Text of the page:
“Technological advancements in computation, data storage and sensing all require new techniques to control the nanoscaled magnetic properties of materials,” says Professor Fabrizio Carbone at EPFL’s School of Basic Sciences. One of these properties is “spin”, which refers to the magnetic orientation of individual atoms.
Spin has attracted a lot of interest in recent years, giving rise to the field of spin electronics or “spintronics”. Apart from the fundamental study of spin, the more practical aim of spintronics is to exploit not just the charge of electrons – as in traditional electronics – but also their spin, adding and extra degree of freedom that can improve the efficiency of data storage and transfer.
However, this first requires that we can control small numbers of spins. “The visualization and deterministic control of very few spins has not yet been achieved at the ultrafast timescales,” says Dr Phoebe Tengdin, a postdoc in Carbone’s lab, pointing out the very tight timeframes that this control needs to happen for spintronics to ever make the leap into applications.
Now, Tengdin along with PhD student Benoit Truc and fellow postdoc Dr Alexey Sapozhnik have developed a new technique that can visualize and control the rotation of a handful of spins arranged in a vortex-like texture, a kind of spin “nano-whirlpool” called a skyrmion.
To do this, the scientists used sequences of laser pulses at a femtosecond timeframe (10-15 or a quadrillionth of a second). By arranging the laser pulses apart just right, they were able to control the rotation of spins in a selenium-copper mineral known in the field by its chemical composition, Cu2OSeO3. The mineral is quite popular in the field of spintronics, as it provides an ideal testbed for studying spins.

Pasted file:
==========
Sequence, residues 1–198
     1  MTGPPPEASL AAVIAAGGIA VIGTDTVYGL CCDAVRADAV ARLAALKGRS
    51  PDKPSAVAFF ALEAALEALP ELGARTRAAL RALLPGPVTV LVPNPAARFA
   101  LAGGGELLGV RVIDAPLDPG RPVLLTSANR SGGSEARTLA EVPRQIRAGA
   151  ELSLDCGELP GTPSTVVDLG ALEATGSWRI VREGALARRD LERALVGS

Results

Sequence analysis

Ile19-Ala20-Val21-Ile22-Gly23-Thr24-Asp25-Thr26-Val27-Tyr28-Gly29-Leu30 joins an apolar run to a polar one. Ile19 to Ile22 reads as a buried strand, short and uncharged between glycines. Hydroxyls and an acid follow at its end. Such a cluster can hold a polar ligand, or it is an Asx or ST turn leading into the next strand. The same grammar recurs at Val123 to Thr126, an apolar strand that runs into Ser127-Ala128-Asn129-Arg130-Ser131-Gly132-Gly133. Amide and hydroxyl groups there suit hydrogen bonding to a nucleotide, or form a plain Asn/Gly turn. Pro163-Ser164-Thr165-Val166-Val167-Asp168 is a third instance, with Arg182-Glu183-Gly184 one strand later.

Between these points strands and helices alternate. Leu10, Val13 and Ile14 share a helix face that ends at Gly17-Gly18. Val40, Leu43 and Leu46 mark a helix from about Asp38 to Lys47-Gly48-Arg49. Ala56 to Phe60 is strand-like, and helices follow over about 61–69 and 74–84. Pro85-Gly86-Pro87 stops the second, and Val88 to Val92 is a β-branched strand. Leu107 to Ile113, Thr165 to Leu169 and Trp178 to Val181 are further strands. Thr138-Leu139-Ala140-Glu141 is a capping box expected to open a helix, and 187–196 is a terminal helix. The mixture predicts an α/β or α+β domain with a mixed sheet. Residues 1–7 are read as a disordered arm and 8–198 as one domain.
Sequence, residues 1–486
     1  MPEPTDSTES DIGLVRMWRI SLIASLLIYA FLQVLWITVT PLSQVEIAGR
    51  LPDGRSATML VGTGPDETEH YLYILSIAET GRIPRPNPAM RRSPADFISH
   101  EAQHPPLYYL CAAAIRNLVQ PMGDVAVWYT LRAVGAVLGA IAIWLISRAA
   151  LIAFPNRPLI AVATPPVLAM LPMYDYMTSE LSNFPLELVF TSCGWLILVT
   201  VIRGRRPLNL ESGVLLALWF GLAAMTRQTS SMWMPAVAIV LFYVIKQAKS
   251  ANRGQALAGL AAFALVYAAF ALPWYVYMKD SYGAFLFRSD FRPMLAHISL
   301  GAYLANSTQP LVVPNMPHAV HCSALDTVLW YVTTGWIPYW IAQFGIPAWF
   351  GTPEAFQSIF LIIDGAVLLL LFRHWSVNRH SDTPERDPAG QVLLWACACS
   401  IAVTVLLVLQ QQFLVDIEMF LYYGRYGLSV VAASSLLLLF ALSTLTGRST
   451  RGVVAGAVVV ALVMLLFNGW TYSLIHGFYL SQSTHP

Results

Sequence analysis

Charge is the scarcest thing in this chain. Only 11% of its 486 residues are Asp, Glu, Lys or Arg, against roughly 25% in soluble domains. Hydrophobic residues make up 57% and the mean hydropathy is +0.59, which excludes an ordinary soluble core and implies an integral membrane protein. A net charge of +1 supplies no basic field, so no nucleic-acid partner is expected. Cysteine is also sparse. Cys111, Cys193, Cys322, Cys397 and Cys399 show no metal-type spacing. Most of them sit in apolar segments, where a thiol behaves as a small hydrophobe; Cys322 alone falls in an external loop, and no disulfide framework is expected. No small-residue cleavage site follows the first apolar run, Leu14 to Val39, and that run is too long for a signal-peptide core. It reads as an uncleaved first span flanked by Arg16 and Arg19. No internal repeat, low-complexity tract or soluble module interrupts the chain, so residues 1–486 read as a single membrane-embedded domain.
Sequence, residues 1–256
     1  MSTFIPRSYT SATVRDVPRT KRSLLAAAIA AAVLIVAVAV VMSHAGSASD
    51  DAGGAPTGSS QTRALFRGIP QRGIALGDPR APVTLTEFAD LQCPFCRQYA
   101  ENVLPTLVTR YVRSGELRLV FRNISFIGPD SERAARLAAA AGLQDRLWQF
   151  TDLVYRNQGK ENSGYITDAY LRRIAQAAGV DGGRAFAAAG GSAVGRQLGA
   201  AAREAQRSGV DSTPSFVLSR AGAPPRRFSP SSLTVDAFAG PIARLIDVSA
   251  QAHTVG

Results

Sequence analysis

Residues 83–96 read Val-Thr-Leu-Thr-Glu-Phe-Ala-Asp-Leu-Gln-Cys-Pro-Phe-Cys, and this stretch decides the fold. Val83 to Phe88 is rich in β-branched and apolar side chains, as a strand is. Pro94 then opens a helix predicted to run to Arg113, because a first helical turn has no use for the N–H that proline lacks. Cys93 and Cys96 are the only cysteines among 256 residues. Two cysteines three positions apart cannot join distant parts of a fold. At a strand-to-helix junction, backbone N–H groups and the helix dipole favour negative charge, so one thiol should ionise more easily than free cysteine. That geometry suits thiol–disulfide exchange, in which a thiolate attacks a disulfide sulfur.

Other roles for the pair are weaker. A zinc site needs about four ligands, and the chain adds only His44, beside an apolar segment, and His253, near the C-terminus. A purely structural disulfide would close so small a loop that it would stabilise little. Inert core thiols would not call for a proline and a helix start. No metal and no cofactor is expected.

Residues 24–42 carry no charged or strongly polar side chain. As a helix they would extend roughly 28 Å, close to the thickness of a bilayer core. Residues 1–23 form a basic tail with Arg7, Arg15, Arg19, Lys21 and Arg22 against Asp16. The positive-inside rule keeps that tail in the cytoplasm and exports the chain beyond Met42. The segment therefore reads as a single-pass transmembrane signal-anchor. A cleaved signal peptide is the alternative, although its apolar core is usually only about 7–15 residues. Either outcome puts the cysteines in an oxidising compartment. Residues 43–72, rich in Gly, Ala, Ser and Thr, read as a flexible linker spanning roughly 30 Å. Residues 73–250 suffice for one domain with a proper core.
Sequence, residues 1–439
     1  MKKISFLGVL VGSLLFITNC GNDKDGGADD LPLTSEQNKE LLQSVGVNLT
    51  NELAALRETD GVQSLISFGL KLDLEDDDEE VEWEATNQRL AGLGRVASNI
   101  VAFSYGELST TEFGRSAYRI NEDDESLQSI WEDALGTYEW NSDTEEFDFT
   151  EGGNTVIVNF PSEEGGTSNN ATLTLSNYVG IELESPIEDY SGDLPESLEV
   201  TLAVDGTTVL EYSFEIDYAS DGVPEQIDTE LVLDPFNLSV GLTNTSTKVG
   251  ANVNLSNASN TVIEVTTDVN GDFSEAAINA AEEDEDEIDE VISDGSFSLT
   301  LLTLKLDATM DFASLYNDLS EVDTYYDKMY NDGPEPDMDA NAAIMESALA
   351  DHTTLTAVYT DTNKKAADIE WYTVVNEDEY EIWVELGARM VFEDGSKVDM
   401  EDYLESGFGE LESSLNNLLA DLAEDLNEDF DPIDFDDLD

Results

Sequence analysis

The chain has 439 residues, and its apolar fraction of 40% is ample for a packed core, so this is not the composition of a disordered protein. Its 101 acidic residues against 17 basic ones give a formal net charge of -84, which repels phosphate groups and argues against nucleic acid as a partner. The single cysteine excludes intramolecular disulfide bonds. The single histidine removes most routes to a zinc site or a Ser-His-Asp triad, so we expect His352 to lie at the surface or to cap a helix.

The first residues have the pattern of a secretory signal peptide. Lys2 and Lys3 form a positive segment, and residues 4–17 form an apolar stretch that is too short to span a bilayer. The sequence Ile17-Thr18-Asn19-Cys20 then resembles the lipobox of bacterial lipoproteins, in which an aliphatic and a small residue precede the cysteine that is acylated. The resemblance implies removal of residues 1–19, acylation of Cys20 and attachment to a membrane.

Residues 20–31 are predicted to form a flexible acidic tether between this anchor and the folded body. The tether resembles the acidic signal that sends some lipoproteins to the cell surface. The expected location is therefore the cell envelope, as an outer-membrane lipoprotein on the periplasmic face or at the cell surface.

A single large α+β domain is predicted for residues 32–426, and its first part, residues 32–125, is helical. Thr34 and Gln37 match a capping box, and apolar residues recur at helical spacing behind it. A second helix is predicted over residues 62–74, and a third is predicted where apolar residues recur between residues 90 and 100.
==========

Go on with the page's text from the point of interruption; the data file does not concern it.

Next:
Controlling the spins with laser pulses, the researchers found that they could even switch their orientation at will by simply changing the delay time between successive driving pulses and adjusting the laser polarization.
But the study didn’t stop there. By using a type of transmission electron microscope that can “see” nanoscale dimensions, the team were also able to actually image the spin changes. The breakthrough has enormous implications for the fundamental aspects of spintronics.
The work offers the field a new protocol for controlling magnetic textures at ultrafast timescales, and opens up exciting new opportunities for spin switches in next-generation information storage devices.
“Our experiments demonstrate that it is possible to manipulate and image a handful of spins at very high speed using a moderate intensity light beam,” says Tengdin. “Such an effect can be exploited in low-consumption ultrafast devices operating on spins. New types of memories or logic gates are possible candidates, as are high-precision sensors.”